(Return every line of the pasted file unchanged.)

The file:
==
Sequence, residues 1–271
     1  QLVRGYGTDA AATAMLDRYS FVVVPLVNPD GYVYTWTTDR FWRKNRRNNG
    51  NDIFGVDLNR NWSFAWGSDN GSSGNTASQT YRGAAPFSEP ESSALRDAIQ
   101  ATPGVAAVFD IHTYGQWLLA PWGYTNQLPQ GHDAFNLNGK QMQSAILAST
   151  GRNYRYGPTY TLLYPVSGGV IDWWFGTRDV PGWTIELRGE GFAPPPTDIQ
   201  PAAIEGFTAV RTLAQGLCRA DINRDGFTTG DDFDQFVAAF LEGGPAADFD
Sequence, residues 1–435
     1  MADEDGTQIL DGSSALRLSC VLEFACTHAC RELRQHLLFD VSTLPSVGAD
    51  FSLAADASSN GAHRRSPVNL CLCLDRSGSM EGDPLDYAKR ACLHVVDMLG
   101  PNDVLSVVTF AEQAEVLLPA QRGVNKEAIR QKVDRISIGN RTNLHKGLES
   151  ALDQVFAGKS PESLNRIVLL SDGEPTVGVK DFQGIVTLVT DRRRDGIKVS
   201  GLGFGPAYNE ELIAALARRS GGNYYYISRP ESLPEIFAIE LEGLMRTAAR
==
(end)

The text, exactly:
Sequence, residues 1–271
     1  QLVRGYGTDA AATAMLDRYS FVVVPLVNPD GYVYTWTTDR FWRKNRRNNG
    51  NDIFGVDLNR NWSFAWGSDN GSSGNTASQT YRGAAPFSEP ESSALRDAIQ
   101  ATPGVAAVFD IHTYGQWLLA PWGYTNQLPQ GHDAFNLNGK QMQSAILAST
   151  GRNYRYGPTY TLLYPVSGGV IDWWFGTRDV PGWTIELRGE GFAPPPTDIQ
   201  PAAIEGFTAV RTLAQGLCRA DINRDGFTTG DDFDQFVAAF LEGGPAADFD
Sequence, residues 1–435
     1  MADEDGTQIL DGSSALRLSC VLEFACTHAC RELRQHLLFD VSTLPSVGAD
    51  FSLAADASSN GAHRRSPVNL CLCLDRSGSM EGDPLDYAKR ACLHVVDMLG
   101  PNDVLSVVTF AEQAEVLLPA QRGVNKEAIR QKVDRISIGN RTNLHKGLES
   151  ALDQVFAGKS PESLNRIVLL SDGEPTVGVK DFQGIVTLVT DRRRDGIKVS
   201  GLGFGPAYNE ELIAALARRS GGNYYYISRP ESLPEIFAIE LEGLMRTAAR